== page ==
Serving the homeless

One Less Hungry prepares lunches for those in need

Ray O’Connor
Freshmen Sarah El-Qadah, Gabrielle Gudio, Nigel Burris and Amy Phipps prepare sandwiches in the Columbus Room at Stuart Hall. One Less Hungry meets to pack lunches on Sundays once a month.

Claire Devereux, Features Editor

As the cost of living in San Francisco continues to spiral upward, the city’s homeless population is swelling, compelling a group of students to lighten some of the burden for those living on the streets with grocery donations and free lunches.

“I come from a family that had to really work for what they have, [which] never would have achieved what they have without help from others,” junior Isis Boivin said. “So I feel like giving back to the community through something as simple as food to try to help people succeed is a nice way to help.”

Students in Action, a student-led club dedicated to volunteering and giving back to the local community, organizes the monthly One Less Hungry events that focus on preparing food and handing it out to the homeless in the City. Club members work on packing lunches, but other students are welcome to join the event as well.

“During some of our Students in Action meetings we brainstorm and formulate ideas for One Less Hungry and other service opportunities,” junior Anna Doggett said. “We also plan in advance the days that One Less Hungry will meet to make lunches.”

One Less Hungry began four years ago when Stuart Hall High School student Aurelio Jimenez (’16) wanted to improve the lives of the homeless people he saw every day.

“He came to me and said, ‘I live in the Bayview and I see all these homeless people. Can we do something?’” Service Learning Director Ray O’Connor said. “One thing led to another and that’s how One Less Hungry started.”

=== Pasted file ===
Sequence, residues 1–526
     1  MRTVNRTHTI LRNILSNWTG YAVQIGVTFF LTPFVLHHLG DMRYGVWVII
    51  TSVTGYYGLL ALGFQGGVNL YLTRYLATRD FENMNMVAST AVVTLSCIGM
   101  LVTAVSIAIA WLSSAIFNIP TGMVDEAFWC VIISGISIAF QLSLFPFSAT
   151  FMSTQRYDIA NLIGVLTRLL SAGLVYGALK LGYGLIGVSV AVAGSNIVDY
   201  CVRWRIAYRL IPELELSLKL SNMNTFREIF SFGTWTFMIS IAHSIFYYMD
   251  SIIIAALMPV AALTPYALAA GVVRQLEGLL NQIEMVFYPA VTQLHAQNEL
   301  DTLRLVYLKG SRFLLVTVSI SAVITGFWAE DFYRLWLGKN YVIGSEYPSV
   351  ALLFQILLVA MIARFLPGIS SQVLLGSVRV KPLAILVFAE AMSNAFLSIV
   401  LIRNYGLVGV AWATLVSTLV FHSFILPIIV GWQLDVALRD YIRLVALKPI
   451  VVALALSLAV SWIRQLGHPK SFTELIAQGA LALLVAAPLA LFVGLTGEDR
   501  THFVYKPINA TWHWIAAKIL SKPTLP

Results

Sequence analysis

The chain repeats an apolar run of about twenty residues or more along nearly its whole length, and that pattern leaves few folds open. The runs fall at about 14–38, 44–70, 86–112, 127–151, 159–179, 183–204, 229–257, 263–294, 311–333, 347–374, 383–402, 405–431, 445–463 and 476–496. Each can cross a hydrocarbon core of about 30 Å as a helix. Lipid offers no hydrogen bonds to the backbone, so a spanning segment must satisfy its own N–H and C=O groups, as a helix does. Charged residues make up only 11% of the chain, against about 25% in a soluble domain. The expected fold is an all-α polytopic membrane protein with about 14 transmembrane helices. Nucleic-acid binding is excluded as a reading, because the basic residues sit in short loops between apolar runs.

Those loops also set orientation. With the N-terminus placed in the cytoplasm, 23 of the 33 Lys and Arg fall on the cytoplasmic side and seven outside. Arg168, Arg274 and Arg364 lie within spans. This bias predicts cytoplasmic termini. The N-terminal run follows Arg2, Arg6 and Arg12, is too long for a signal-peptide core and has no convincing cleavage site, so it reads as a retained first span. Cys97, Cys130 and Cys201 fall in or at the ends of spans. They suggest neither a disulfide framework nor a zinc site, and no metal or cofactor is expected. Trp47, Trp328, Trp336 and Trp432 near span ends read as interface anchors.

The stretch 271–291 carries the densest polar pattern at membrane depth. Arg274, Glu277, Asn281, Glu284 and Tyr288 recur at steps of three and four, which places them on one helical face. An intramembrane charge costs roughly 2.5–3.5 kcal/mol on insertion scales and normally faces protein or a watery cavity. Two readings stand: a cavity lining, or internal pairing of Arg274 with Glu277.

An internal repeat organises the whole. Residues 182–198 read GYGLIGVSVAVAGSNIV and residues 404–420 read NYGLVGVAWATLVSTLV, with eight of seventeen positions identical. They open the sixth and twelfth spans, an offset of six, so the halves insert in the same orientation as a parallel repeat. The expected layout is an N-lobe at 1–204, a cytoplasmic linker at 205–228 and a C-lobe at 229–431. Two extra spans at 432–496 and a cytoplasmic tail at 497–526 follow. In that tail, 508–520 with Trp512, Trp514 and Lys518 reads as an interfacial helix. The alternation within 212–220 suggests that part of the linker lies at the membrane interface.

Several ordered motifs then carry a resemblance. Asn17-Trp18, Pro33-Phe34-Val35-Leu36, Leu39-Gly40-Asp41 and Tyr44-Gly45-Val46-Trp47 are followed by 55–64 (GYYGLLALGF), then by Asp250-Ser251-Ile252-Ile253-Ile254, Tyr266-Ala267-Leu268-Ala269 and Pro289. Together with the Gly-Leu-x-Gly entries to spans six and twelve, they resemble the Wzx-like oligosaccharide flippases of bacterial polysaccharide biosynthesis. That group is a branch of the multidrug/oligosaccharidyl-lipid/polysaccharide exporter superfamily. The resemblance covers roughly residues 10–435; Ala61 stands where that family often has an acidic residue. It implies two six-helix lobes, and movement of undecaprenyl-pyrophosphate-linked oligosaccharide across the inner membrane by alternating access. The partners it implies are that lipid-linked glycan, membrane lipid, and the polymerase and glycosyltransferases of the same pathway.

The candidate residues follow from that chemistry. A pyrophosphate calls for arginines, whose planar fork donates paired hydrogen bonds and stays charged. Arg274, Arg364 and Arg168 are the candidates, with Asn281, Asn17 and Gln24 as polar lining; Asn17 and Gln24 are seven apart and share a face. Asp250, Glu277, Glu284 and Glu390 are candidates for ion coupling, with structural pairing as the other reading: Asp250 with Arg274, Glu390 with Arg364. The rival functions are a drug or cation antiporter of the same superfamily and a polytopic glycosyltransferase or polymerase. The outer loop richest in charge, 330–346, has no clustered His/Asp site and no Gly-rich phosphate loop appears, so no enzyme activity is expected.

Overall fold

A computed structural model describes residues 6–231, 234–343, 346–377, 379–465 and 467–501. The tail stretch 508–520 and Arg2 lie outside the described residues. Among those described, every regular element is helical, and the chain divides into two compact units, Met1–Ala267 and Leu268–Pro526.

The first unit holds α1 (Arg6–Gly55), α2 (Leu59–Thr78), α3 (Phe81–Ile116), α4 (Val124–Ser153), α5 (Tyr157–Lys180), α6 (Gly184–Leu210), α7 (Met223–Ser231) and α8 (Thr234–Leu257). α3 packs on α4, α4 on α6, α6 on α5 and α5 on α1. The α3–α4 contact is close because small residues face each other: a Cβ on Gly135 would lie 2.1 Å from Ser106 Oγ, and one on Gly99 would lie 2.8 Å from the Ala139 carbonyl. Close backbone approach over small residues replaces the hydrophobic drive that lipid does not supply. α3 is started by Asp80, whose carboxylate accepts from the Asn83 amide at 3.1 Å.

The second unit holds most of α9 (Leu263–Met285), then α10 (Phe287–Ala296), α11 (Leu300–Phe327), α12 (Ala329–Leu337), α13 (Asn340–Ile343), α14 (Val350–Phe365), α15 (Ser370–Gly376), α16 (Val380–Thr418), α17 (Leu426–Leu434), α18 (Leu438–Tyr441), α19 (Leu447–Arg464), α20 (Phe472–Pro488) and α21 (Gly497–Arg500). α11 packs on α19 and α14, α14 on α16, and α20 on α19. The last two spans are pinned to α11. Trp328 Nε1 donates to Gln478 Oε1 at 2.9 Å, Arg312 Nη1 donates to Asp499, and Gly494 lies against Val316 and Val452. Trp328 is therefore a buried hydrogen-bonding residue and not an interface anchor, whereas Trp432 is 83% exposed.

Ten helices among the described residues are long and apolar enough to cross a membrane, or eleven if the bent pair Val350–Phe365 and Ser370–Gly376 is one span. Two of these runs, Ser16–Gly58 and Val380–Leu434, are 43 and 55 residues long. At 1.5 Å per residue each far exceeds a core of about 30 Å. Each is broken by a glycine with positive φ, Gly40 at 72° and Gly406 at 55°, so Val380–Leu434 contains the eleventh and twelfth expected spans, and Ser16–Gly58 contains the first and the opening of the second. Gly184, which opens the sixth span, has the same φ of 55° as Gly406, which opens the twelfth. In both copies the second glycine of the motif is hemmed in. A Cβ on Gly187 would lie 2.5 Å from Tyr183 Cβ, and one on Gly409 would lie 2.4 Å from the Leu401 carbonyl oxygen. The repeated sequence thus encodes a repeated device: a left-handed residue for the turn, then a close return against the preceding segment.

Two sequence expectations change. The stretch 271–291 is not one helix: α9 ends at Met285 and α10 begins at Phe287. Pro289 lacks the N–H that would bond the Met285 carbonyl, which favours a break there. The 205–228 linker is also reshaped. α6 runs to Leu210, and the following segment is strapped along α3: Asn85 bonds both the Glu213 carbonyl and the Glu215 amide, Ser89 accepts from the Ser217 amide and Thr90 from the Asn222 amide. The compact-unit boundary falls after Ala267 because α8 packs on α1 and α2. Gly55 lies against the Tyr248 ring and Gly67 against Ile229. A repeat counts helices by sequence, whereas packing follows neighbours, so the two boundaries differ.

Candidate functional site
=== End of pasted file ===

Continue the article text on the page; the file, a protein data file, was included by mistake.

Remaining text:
On OLH Sunday mornings, participants gather in Stuart Hall’s Columbus Room to prepare bagged lunches, each of which contain a sandwich, cookies, fruit, candy and drinks.

“We used to give apples but since [the homeless] don’t have access to dental care we had to switch to bananas so they would be able to eat them,” O’Connor said.”

We used to give apples but since [the homeless] don’t have access to dental care we had to switch to bananas so they would be able to eat them

OLH also works with Replate, which collects leftover food from private companies and redistributes food that would have otherwise been wasted to individuals, nonprofits and groups that make and deliver food to the needy, like OLH.

“Recently Replate delivered trays of rice, beans, tofu and some sort of vegetable,” O’Connor said. “So we bought little plastic containers and before we knew it we had 180 containers. What was really the best was watching this guy open it immediately and really enjoy it.”

Participants usually pack 100 or more lunches and then split into groups and drive to areas with the densest homeless populations in San Francisco to handout the bagged lunches.

“Handing lunches out is probably the highlight of the whole day for me because people really genuinely appreciate what we do,” Boivin said. “Some are people we go back to every time and they like to check in with us sometimes. It makes me happy to see other people happy.”

Since Students In Action started One Less Hungry, the group has grown from 12 to 40 or 50 attendees for the food preparation day. Students have recently started bringing their families to help prepare and handout food.

“Every time I participate I learn something new about myself and San Francisco,” Boivin said. “I have witnessed the issue of homelessness never really being addressed and always being pushed to the side.”

The next One Less Hungry event is scheduled for Feb. 13. A survey allowing students and family members to sign up for the food preparation day will be sent out via email by a Students In Action member prior to the event. Students In Action accepts new members for the club year round.